Cannabis: Back to School

Sativa Science Club Builds an Ambitious Education Program for Budtenders

The Portland-based effort trains cannabis retailers in botany, taxonomy, and even etiquette—and it hopes to go national.

By Ramona DeNies January 30, 2018 Published in the February 2018 issue of Portland Monthly

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Mary J. Poppyns and Emma Chasen

Hypothetical scenario one: A patient walks into a cannabis dispensary and asks for help managing her cancer. Says the budtender, “Try some Rick Simpson Oil—it’ll cure it.”

Scenario two: A customer walks into a dispensary and asks who grew the Super Lemon Haze behind the counter. Says the budtender, “That’s an unknown grower.”

Hotshot former budtender Emma Chasen has seen many exchanges like this in her three years in Portland—and that’s a problem. Had an Oregon Liquor Control Commission inspector been there, she says, those dispensaries could now be closed.

“These are huge violations of compliance,” says Chasen. “Budtenders aren’t allowed to make any medical claims under OLCC guidelines. Also, the shop isn’t allowed to accept any cannabis product that hasn’t been tracked.”

Enter Sativa Science Club, an ambitious attempt to create structured, standardized education for budtenders. Led by Portland-based entrepreneur Mary J. Poppyns, the new endeavor—part professional certification, part social network, part guild—aims to bring scientific standards and medical ethics to the cannabis retail experience. In May 2017, Poppyns enlisted Chasen, who has a degree in medicinal plant research and experience running clinical oncology trials, to launch a three-month-long core science certification in botany, taxonomy, and even budtender etiquette. Chasen’s first cohort began in January; ultimately, she says, the hope is to expand this mold-breaking program across the nation.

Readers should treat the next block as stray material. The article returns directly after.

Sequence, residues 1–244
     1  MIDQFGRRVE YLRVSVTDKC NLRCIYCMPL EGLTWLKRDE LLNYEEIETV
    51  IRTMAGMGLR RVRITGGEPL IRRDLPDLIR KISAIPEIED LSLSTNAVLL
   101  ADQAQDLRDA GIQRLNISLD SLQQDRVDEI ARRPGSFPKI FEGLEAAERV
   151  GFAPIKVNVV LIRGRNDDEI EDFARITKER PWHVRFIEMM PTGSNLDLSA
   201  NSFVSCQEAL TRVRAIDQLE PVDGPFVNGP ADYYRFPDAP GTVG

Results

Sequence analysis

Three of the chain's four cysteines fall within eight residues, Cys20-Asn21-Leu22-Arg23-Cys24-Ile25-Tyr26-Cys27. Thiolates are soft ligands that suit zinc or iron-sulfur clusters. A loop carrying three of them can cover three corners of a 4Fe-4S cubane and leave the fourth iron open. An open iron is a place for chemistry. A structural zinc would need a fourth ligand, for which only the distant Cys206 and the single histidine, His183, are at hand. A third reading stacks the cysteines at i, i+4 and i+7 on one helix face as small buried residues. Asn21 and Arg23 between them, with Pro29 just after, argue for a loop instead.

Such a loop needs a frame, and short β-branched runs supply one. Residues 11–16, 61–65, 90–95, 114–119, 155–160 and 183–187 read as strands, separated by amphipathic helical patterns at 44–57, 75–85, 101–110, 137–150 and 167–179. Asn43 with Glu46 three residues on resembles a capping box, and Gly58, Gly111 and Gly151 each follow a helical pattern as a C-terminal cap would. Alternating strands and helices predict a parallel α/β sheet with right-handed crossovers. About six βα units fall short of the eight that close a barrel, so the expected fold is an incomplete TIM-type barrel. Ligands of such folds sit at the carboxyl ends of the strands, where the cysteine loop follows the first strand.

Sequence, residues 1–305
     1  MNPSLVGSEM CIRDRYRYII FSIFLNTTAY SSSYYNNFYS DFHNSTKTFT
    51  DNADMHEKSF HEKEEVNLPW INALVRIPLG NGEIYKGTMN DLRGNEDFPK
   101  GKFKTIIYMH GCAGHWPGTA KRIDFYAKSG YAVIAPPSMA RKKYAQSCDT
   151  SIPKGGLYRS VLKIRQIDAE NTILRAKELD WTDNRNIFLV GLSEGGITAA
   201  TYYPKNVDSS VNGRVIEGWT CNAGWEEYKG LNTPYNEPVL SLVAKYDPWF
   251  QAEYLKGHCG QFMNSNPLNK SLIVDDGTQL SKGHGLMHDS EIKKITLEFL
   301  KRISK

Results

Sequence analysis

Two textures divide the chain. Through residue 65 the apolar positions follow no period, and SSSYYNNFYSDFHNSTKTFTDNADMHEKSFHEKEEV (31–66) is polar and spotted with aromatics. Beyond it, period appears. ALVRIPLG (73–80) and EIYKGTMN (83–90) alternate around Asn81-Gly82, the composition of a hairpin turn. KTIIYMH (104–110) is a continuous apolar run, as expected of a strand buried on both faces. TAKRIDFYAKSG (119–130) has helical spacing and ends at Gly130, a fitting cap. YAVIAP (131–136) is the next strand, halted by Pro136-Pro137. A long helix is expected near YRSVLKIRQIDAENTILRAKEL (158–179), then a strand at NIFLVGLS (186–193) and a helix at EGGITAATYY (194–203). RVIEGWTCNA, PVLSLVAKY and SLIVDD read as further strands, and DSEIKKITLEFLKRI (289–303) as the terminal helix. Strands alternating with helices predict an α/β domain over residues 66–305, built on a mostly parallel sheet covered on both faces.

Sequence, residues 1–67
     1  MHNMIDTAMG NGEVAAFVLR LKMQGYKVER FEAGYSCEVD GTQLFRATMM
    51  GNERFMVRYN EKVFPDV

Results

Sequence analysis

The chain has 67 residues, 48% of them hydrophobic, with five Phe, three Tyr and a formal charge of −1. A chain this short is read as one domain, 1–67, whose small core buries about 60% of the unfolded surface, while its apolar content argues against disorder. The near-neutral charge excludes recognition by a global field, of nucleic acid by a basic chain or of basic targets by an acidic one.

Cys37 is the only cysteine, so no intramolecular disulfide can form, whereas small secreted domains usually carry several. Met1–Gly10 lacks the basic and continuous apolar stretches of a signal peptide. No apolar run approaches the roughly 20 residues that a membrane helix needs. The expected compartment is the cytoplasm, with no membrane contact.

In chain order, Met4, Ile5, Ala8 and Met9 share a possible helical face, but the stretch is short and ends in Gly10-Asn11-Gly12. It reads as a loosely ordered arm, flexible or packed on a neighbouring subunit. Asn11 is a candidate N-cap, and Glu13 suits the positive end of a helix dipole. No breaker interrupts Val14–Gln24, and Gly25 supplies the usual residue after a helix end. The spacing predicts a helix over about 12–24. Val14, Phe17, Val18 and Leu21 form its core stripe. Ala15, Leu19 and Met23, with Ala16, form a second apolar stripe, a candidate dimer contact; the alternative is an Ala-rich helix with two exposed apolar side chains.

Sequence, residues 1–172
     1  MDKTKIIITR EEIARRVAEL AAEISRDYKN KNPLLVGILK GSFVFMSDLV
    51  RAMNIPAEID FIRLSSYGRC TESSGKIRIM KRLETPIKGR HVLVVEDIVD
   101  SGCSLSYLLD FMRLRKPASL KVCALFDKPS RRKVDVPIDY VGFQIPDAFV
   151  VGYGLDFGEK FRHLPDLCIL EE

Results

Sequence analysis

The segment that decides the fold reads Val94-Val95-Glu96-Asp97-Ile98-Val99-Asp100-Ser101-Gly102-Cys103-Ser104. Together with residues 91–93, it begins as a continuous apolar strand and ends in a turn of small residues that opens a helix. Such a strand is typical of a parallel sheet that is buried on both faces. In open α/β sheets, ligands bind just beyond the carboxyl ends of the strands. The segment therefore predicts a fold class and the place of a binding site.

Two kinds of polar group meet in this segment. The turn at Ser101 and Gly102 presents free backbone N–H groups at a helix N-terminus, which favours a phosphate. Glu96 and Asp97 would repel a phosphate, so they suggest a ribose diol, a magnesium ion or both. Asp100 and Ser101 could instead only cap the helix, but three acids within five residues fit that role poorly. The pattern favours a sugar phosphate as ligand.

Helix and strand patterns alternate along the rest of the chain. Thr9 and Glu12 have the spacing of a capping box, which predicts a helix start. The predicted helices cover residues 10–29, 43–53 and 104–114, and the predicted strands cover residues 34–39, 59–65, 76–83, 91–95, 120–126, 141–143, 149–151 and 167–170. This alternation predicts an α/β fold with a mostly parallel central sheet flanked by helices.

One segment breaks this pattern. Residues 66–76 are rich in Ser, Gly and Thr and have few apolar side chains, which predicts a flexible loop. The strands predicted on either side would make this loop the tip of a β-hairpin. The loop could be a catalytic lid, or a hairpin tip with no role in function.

“Budtenders are in this weird place,” she says. “Most likely they’re stoners, and that’s what qualifies them to do this job. But it shouldn’t be an entry-level position—it should be a position to work up towards. It’s really more like being a pharmacist.”

Chasen attributes most mistakes behind dispensary counters to ignorance (and overenthusiasm) rather than malfeasance. But that lack of baseline education isn’t just a potential liability for cannabis retailers, she says. It’s also bad for business.

“As cannabis guides, we need to transfer the agency to the consumer—that it will be up to you to track your consumption journal, figure out what works best for you,” says Chasen. Rather than making quick sales with wild claims, budtenders should act as detached medical consultants. That way, Chasen says, customers will “come back, even if they hated it, so you can advise something different.”

Which could all lead to scenario three: A customer walks into a dispensary and asks why the sativa they bought isn’t such a pick-me-up. Says the budtender, “Well, it goes back to the plant morphology....”

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